The Thing Below

The Thing Below

The Thing Below (2004)

Workers on an oil rig unleash a creature from the ocean’s depths.  When a science team is dispatched to investigate, they find a trail of mind-twisting carnage and must fight for their own survival, as well as the planet’s.

Upon realizing that workers at a deep sea oil rig have discovered a new form of life, the government sends a team of scientists to investigate.  After losing communication with the team, it becomes a race to either discover what went wrong or cover the whole episode up.  Meanwhile, in the middle of the ocean, the team finds themselves facing an ancient evil that can read their minds and use their deepest fears against them or their wildest fantasies to trap them.

That’s more or less what this movie is about.  It’s not entirely clear and there seem to be times during the film that the writers forgot the plot.  Sometimes it’s an oil rig, sometimes it’s a science lab.  The team heading to the location is either a rescue team, a science team (despite a distinct lack of scientists), or – I don’t know, the second shift for the oil rig.  Basically, there’s nothing here that makes sense.  The monster from under the ocean is from outer space and was apparently trapped for millions of years …despite possibly having the ability to create portals to other worlds (again, not sure – as this just sort of randomly happens at one point without explanation).  Its mind reading abilities are basically a way for the writers to interject gratuitous fantasy scenes that would otherwise make no sense in such a way that they still make no sense.  The characters are all “quirky”, which is a way writers try to bring their characters to life – here, it’s comic relief as the characters become caricatures of themselves, not that it’s easy to notice something that minor in the face of so much other awfulness.  Finally, while it may seem a petty complaint, the CGI is distractingly bad.  Like seriously, horribly terribad – the average Syfy movie, or even a good number of homemade YouTube videos, would be far superior.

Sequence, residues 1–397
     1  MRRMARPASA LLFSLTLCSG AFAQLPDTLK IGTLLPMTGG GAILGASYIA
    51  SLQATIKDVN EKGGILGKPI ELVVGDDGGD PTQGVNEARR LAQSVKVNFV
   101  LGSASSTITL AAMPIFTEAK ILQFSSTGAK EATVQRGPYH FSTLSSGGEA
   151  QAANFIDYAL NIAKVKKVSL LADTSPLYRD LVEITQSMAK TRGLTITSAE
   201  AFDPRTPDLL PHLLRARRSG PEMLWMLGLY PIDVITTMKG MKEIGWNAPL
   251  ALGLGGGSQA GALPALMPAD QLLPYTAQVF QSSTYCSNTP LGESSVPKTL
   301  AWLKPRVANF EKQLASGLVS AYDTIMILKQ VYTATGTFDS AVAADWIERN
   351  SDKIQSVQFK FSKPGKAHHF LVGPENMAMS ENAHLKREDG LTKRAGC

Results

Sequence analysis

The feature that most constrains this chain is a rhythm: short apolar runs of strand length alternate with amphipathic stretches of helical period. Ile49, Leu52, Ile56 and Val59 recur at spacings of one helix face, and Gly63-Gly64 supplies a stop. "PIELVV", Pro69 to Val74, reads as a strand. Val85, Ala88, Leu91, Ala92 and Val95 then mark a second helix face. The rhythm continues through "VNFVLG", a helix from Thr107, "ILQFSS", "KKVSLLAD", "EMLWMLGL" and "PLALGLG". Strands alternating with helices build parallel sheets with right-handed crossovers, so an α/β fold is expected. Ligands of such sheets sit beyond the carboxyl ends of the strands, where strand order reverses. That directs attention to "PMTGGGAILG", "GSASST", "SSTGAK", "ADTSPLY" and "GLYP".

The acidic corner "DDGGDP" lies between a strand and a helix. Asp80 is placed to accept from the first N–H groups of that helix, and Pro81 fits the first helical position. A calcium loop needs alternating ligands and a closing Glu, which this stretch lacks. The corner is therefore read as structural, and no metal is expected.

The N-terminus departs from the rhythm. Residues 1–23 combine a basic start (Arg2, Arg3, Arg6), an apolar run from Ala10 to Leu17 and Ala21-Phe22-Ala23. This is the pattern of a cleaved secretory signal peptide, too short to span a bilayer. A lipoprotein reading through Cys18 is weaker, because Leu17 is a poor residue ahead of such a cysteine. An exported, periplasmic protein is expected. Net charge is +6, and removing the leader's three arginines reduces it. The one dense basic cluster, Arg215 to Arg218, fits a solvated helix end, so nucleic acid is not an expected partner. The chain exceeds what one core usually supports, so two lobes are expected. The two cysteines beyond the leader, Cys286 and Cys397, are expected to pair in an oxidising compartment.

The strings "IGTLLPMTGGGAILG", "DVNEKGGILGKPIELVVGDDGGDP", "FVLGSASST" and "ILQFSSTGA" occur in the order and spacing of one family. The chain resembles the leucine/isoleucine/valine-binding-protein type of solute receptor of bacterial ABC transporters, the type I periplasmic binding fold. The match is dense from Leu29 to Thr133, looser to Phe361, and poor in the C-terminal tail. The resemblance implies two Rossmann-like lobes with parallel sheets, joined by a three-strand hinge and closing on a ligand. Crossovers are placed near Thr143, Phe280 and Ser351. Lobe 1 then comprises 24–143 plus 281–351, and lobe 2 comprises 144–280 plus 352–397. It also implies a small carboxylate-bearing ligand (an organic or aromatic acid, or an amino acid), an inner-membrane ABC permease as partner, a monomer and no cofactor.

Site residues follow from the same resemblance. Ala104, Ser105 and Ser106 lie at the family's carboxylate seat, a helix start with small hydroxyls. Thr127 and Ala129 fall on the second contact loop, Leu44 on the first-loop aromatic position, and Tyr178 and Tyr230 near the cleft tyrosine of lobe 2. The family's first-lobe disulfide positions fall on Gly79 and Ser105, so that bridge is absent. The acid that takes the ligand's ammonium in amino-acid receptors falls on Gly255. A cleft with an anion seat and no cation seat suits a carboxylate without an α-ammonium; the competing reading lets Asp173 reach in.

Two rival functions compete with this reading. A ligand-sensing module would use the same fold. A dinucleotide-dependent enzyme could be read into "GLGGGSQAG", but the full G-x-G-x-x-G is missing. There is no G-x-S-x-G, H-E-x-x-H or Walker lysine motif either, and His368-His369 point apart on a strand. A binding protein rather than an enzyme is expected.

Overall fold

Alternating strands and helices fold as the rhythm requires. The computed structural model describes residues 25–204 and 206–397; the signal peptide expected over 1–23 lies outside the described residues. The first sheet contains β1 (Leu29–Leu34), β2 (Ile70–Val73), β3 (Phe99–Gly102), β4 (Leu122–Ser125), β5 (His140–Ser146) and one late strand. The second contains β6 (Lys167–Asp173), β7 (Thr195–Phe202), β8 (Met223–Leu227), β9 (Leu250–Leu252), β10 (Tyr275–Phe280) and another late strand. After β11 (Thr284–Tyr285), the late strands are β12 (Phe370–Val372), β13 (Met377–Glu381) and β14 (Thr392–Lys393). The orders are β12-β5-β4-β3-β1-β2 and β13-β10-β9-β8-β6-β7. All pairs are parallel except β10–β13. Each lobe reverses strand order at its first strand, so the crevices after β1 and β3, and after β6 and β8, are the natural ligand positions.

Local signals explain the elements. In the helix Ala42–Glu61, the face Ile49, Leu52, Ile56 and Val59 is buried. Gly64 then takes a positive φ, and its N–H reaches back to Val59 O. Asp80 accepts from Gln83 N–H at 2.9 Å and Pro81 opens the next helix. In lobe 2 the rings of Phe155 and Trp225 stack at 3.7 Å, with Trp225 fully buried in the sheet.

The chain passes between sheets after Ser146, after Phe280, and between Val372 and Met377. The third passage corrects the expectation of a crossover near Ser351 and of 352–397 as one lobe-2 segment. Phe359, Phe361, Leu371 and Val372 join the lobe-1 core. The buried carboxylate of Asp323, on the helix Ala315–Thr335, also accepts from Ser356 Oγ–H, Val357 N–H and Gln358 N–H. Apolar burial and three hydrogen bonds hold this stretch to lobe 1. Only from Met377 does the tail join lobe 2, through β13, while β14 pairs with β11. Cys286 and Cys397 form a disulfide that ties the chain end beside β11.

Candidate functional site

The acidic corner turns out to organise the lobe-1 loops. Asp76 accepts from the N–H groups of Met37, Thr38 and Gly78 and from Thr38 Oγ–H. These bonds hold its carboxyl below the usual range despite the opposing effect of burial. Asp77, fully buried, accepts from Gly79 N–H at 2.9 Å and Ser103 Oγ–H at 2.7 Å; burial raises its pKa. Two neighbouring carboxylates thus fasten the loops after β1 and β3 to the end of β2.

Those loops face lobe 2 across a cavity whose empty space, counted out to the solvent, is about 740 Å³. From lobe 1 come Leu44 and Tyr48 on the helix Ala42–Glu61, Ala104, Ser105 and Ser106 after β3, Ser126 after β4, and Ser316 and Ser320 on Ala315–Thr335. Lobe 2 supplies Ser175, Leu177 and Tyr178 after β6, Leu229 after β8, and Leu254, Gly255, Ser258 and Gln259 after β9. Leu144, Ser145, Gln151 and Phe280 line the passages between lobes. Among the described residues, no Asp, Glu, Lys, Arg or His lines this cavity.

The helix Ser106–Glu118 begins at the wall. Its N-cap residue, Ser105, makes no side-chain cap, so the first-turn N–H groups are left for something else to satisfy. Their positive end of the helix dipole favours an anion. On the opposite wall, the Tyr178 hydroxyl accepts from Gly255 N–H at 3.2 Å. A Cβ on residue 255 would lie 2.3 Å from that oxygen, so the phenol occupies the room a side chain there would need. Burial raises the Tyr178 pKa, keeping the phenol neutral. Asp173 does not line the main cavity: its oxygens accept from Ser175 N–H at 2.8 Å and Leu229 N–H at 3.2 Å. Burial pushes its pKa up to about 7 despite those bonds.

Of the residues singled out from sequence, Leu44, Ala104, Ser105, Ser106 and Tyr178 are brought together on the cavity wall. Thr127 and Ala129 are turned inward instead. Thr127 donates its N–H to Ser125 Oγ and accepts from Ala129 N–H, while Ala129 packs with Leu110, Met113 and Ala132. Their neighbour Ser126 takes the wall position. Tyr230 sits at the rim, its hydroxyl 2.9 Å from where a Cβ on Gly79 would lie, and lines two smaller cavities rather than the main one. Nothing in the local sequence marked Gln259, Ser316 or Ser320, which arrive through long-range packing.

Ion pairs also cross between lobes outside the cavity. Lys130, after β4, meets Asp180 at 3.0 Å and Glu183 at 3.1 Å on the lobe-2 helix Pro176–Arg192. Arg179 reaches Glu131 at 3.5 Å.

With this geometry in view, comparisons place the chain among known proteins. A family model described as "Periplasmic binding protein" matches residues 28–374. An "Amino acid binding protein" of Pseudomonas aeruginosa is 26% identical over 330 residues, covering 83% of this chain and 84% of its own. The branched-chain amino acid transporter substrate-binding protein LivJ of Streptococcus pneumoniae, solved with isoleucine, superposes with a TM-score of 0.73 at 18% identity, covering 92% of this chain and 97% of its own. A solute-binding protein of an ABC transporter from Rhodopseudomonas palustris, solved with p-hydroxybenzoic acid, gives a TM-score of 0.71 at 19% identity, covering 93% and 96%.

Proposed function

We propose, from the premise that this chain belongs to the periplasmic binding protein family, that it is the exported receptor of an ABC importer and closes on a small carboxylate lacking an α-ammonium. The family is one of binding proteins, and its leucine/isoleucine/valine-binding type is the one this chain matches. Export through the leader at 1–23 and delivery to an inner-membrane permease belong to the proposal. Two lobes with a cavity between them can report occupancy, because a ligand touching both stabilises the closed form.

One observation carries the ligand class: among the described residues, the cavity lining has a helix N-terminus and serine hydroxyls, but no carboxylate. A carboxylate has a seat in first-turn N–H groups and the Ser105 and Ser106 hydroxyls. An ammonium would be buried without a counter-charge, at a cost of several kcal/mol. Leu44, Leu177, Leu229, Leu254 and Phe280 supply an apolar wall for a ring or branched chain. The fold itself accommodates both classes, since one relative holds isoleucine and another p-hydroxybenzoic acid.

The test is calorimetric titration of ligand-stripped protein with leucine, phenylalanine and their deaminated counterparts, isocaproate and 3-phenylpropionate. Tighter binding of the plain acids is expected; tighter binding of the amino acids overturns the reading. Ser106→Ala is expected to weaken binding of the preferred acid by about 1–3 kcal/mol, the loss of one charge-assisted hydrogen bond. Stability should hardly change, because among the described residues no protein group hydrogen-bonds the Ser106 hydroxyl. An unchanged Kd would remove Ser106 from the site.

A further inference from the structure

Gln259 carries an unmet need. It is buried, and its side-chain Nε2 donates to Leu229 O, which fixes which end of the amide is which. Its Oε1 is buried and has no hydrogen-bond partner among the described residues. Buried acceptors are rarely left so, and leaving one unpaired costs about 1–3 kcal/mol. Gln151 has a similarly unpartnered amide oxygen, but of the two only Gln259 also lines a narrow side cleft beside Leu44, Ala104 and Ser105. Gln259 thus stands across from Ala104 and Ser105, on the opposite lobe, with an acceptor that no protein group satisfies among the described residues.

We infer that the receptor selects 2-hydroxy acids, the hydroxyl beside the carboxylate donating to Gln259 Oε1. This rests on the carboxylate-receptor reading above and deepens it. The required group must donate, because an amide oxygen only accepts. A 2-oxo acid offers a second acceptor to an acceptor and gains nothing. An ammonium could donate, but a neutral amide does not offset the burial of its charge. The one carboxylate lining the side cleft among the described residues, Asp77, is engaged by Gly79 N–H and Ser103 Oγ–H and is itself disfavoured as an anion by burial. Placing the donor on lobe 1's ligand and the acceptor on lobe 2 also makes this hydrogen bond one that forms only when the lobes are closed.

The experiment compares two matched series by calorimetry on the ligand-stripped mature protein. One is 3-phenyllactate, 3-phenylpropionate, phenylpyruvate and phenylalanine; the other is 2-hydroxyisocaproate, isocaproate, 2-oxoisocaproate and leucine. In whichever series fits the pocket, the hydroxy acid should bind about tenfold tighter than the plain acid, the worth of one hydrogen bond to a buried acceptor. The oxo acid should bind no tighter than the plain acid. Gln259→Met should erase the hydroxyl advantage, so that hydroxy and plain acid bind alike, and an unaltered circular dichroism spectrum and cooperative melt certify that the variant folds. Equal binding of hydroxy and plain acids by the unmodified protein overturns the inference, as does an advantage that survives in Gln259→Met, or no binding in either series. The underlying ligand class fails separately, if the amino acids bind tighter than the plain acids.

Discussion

There aren’t many films which don’t have a single redeeming feature, but this is one of them.  Deep six this thing and move on.

 

Stars: 0/5

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